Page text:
Playing Potter’s body camera video frame by frame, Eldridge sought to raise doubts about Potter’s testimony that she fired after seeing a look of fear on the face of another officer who was leaning into the car’s passenger-side door and trying to handcuff Wright. The defense argued that he was at risk of being dragged.
“Playing the video not at the right speed where it showed chaos, playing it as slow as possible … that’s the rabbit hole of misdirection,” Gray said.
As prosecutors have done throughout the three-week trial, Eldridge stressed that Potter, who resigned from the police force two days after the shooting, was a “highly trained” and “highly experienced” 26-year veteran and said she acted recklessly when she killed Wright.
“She made a series of bad choices that led to her shooting and killing Daunte Wright,” Eldridge said. “This was no little oopsie. This was not putting the wrong date on a check. … This was a colossal screwup. A blunder of epic proportions.”
Although there is a risk every time an officer makes a traffic stop, that didn’t justify Potter using her gun on Wright after he pulled away from her and other officers during an April 11 traffic stop as they were trying to arrest him on an outstanding weapons possession warrant, Eldridge said.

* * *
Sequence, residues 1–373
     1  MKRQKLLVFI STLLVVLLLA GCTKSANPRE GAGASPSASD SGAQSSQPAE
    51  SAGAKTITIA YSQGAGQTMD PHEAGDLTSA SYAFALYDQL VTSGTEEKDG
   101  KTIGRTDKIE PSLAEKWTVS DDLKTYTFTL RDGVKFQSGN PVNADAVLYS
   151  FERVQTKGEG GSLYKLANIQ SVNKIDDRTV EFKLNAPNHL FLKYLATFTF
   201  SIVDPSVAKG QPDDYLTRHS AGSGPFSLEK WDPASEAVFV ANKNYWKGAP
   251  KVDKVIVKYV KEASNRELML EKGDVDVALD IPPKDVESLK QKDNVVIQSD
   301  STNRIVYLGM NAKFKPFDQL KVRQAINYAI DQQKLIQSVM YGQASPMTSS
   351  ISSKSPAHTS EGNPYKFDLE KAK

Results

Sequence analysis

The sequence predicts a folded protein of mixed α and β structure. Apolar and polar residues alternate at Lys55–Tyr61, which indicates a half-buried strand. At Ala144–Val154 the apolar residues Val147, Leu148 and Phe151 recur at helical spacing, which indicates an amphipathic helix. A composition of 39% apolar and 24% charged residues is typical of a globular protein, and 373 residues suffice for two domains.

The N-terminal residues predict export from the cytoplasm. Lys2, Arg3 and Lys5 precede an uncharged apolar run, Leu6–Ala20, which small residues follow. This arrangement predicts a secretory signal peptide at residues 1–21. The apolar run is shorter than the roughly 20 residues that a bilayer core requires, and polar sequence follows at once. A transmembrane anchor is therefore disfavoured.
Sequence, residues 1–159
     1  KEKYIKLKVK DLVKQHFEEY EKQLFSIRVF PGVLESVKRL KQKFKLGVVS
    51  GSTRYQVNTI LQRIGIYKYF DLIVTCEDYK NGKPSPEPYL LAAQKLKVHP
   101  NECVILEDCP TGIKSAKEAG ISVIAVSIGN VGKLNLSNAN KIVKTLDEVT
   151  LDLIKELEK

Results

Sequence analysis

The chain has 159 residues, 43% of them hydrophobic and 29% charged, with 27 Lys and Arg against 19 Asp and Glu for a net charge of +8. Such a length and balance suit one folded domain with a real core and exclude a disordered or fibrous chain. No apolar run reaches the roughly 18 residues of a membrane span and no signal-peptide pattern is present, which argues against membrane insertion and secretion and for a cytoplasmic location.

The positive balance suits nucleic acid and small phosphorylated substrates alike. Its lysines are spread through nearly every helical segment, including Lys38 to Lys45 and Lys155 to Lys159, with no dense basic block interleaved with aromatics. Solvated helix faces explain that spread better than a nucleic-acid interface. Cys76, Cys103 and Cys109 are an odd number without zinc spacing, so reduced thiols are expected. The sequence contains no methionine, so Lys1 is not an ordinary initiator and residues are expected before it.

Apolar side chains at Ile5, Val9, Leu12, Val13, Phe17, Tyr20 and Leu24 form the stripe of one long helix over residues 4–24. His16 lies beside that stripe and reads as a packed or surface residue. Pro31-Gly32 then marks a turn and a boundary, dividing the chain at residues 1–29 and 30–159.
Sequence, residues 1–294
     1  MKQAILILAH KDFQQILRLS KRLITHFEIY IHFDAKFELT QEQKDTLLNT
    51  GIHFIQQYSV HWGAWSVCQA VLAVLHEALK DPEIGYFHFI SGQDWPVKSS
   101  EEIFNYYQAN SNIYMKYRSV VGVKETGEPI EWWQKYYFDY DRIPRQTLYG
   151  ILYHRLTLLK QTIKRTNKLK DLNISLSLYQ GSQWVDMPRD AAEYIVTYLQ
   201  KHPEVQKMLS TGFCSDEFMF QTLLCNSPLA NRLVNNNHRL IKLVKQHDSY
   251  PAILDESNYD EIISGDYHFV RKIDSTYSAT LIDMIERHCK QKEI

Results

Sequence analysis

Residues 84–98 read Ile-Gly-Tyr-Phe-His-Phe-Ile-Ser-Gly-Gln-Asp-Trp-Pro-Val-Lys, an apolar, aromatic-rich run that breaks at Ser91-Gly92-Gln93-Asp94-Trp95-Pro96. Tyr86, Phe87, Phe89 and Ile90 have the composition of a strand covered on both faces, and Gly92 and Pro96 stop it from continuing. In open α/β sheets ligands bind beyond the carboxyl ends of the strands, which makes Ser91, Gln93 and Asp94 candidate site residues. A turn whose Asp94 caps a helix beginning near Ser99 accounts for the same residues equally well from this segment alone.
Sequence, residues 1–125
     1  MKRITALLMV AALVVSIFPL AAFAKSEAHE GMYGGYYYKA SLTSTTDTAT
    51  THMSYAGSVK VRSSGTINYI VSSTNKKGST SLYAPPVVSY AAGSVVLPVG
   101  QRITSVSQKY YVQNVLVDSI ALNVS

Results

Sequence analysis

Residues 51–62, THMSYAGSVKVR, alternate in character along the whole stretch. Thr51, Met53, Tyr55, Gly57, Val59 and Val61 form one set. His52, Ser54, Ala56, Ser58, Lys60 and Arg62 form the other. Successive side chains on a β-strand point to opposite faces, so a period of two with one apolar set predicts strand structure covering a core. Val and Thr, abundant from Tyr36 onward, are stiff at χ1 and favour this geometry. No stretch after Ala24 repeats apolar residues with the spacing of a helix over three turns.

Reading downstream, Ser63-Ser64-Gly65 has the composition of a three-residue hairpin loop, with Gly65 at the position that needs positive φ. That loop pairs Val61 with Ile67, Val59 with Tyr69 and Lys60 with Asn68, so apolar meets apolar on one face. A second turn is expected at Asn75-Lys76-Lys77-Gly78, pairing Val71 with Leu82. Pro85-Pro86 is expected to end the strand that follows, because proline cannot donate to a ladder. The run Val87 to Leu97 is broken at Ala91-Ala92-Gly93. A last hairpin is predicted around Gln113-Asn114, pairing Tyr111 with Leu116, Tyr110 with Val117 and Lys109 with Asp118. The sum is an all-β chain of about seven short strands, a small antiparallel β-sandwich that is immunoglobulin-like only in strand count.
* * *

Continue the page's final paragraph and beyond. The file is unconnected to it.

“Carrying a badge and a gun is not a license to kill,” she said.
Potter is charged with first-degree and second-degree manslaughter in the April 11 killing of Wright, who was pulled over for having expired license plate tags and an air freshener hanging from his rearview mirror.
Potter, who was training another officer at the time, said she probably wouldn’t have pulled over the 20-year-old Wright’s car if she had been on her own that day.
Potter’s attorneys argued that she made a mistake but also would have been justified in using deadly force if she had meant to because of the potential harm to the other officer, then-Sgt. Mychal Johnson, if he had been dragged by Wright’s car.